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Dry eye syndrome is an ongoing condition affecting your eyes. Dry Eyes may not be fully cured (always depending on the cause), but the accompanying dryness, scratchiness and burning of the eyes can eventually be managed and improved.
What causes dry eyes at all? When being affected by dry eye syndrome, your eye doesn’t produce enough tears. It could also be the case that the tears have a chemical composition that allows them to evaporate too quickly.
Since tears “bathe” the eye, washing out dust and debris and keeping the eye moist, the fast evaporation stops or reduces the effectiveness of this process. Tears also contain enzymes that neutralize the microorganisms that colonize the eye – therefore the risk for eye infections can increase with dry eyes. As you can tell – tears are essential for good eye health.
Dry eye syndrome can have several causes. The dry eye syndrome occurs as a part of the natural aging process. Women are especially affected during during menopause – cause unknown at this point. Dry eyes can also be caused as a side effect of many common medications.
Some of those medication connected to possibly causing dry eyes are antihistamines, antidepressants, a few blood pressure medicines, medication treating Parkinson’s. Some birth control pills also seem to cause dry eyes among younger women. More natural causes are if you live in a dry, dusty or very windy climate. Air conditioning or forced air heating systems can also increase the dryness in your eyes. Computer workers are more often affected with having dry eyes than people only using a computer occasionally.
If you are wearing contact lenses you could also suffer from dry eyes. However, contact lenses are also known to protect the surface of the eye from drying out too fast. As no eye is the same this might work for you, but not your spouse (just as an example).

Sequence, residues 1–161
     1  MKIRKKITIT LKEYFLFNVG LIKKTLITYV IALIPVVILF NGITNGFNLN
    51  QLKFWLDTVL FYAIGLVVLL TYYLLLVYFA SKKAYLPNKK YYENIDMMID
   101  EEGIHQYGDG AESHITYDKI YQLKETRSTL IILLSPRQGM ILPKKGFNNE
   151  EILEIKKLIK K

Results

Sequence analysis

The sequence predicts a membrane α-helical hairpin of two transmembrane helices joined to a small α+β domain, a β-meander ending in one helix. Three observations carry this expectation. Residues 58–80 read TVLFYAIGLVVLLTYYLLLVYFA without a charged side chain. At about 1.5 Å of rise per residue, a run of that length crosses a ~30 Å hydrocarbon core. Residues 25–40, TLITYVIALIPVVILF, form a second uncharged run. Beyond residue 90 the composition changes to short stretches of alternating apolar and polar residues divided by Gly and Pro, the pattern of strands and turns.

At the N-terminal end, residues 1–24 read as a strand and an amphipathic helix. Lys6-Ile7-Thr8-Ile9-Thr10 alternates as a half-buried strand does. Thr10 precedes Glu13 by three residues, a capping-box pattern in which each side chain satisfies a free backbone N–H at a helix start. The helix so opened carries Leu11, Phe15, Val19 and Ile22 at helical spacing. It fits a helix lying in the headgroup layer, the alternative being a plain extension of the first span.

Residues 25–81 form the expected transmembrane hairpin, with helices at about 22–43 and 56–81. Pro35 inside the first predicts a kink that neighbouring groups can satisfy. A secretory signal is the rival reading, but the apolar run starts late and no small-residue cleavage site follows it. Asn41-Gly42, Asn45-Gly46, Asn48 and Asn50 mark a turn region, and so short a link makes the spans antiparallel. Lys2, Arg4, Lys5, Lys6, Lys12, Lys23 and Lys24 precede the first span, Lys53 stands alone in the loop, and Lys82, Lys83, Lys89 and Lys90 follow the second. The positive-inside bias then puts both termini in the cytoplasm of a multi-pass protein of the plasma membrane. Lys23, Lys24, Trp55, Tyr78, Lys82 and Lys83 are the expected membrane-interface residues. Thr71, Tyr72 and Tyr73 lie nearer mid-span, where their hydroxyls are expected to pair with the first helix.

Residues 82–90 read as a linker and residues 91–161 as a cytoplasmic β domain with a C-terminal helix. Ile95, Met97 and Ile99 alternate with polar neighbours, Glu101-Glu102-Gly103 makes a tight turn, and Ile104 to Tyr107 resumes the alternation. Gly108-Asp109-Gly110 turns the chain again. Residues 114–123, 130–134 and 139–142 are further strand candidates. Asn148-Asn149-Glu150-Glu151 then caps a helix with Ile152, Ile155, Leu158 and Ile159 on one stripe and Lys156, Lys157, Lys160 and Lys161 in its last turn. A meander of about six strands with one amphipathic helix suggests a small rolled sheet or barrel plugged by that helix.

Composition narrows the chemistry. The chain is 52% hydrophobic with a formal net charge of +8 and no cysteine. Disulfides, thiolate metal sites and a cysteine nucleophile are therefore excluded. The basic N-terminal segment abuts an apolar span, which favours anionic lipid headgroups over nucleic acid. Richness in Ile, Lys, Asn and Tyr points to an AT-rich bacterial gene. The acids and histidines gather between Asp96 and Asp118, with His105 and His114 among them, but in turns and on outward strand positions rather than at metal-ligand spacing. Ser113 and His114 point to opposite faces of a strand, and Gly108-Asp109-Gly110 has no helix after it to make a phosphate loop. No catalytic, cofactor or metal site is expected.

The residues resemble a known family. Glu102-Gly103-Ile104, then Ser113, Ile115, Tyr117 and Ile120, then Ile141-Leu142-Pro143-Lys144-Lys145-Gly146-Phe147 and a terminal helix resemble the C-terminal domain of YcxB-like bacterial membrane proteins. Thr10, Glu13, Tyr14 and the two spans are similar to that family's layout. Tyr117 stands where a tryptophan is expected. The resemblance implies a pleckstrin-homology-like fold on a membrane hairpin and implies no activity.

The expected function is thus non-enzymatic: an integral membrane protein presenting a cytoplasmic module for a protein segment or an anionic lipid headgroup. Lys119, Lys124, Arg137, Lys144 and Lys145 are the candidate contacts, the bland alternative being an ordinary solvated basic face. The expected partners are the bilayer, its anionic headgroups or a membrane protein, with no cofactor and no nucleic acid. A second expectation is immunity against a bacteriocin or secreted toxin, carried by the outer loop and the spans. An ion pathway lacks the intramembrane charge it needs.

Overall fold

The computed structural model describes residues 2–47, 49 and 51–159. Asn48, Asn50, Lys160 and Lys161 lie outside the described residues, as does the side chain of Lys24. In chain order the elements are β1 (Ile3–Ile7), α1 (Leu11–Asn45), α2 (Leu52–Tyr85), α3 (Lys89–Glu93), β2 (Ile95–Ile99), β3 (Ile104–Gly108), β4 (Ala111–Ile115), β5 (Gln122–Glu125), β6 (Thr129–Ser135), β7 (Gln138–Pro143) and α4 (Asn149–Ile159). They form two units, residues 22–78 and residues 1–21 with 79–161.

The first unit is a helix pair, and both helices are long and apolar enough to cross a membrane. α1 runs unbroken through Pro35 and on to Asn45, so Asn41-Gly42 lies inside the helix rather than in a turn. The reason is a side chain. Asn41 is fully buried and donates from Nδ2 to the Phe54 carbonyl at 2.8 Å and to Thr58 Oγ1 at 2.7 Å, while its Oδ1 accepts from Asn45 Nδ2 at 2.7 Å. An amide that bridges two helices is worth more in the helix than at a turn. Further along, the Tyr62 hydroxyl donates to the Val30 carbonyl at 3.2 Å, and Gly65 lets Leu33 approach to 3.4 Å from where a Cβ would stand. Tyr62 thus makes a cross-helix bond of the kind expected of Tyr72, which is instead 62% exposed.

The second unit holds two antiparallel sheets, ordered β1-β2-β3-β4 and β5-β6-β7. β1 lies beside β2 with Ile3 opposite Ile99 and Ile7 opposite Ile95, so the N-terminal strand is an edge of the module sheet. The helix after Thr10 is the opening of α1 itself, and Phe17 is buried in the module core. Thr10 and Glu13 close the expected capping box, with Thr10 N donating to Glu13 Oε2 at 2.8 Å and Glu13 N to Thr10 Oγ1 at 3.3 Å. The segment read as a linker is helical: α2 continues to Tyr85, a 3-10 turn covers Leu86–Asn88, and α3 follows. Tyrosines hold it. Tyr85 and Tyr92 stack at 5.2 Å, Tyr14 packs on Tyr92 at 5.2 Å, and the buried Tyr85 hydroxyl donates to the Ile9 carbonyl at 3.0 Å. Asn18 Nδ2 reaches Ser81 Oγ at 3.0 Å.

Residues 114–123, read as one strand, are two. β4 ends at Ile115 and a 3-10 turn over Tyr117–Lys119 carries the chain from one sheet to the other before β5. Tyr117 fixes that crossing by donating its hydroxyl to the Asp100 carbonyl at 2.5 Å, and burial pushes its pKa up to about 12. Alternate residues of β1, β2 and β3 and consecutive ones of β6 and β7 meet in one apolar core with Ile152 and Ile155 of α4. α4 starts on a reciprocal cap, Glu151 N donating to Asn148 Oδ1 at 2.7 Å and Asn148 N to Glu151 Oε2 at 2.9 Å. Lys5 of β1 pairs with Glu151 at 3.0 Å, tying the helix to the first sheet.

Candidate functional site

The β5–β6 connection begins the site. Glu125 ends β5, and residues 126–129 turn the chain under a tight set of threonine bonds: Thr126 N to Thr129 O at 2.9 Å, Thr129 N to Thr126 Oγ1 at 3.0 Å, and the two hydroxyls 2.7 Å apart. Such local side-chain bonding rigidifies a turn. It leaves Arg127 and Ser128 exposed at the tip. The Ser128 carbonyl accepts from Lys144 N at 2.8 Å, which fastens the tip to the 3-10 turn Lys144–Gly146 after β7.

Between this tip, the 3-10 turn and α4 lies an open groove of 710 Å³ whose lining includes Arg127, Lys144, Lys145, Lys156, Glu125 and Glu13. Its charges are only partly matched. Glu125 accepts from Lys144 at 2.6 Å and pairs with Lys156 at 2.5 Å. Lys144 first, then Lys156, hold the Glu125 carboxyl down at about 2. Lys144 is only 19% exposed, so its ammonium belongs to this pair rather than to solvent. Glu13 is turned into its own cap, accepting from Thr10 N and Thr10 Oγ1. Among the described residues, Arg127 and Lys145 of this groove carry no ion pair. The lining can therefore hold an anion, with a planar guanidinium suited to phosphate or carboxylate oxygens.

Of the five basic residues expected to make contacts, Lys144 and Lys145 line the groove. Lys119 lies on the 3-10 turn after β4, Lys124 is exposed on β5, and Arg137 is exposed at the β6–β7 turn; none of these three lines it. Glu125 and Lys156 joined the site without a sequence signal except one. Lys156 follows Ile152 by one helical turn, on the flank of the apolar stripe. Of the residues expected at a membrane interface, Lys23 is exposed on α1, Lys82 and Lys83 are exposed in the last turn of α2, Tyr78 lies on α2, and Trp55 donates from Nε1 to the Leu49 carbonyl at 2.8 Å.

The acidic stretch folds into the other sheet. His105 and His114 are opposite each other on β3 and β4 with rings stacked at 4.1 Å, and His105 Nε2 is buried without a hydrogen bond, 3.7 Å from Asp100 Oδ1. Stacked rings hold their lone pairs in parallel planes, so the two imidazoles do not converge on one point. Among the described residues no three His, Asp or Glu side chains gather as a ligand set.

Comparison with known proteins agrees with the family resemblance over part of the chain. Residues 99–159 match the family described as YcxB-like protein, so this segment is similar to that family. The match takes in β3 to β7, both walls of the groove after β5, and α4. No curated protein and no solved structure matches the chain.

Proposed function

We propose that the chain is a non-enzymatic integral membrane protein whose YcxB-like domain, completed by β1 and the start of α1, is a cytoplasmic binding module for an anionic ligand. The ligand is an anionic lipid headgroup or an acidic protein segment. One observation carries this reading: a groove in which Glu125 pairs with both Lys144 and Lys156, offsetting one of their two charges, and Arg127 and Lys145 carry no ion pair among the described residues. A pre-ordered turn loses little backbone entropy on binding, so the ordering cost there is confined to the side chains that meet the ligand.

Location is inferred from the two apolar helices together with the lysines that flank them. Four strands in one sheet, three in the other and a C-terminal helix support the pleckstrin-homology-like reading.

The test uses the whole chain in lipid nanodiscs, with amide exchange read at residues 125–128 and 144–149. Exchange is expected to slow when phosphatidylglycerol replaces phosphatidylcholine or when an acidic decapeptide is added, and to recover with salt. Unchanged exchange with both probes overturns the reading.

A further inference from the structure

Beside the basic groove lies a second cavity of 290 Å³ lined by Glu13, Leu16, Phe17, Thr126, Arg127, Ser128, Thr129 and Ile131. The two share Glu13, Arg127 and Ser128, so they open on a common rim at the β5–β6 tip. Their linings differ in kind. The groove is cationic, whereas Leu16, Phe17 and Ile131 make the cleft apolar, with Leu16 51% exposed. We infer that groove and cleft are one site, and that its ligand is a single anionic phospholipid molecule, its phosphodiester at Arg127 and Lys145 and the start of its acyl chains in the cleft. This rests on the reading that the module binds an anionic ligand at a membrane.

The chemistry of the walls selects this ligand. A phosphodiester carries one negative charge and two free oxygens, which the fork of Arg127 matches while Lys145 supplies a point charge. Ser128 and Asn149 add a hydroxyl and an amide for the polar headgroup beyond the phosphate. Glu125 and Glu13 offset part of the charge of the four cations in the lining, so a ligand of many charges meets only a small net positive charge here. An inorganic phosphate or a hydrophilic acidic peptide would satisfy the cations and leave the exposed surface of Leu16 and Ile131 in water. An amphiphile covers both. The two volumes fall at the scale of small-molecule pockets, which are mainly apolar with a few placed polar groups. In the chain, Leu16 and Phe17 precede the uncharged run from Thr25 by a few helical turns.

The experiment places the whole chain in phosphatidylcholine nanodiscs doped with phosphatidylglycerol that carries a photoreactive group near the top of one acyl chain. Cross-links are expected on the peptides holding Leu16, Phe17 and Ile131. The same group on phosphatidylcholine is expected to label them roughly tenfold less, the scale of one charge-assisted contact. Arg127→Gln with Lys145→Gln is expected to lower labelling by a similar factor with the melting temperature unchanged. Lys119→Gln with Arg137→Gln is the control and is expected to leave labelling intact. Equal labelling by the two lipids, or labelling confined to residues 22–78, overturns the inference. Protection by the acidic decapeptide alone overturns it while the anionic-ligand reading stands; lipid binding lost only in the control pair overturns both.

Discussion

In general people with dry eyes have more problems wearing contact lenses. The industry has responded by making contact lenses that release a fluid or gel to the eye and therefore effectively reducing the dry eye syndrome. Restasis eyedrops are another option. These eye drops help your eyes to increase tear fluid production. If you wear contact lenses, be aware that many “normal” eye drops, especially artificial tears, cannot be used while your contacts are in your eyes.
If you live in hot and dry climates it is also an option to wear sunglasses to protect the eyes a little more. Some sunglasses are more protective by ‘trying’ to seal off the area around your eyes. One of the last options to reduce the impact of dry eyes is to move into a geographical area with high humidity. Usually the warmer climates with high humidity work better than colder areas.
Conclusion: There is no final solution to cure dry eyes in most cases. Most options however help to reduce the impact and help to improve your overall eye health. It is highly recommended to talk your optometrists about your eye health.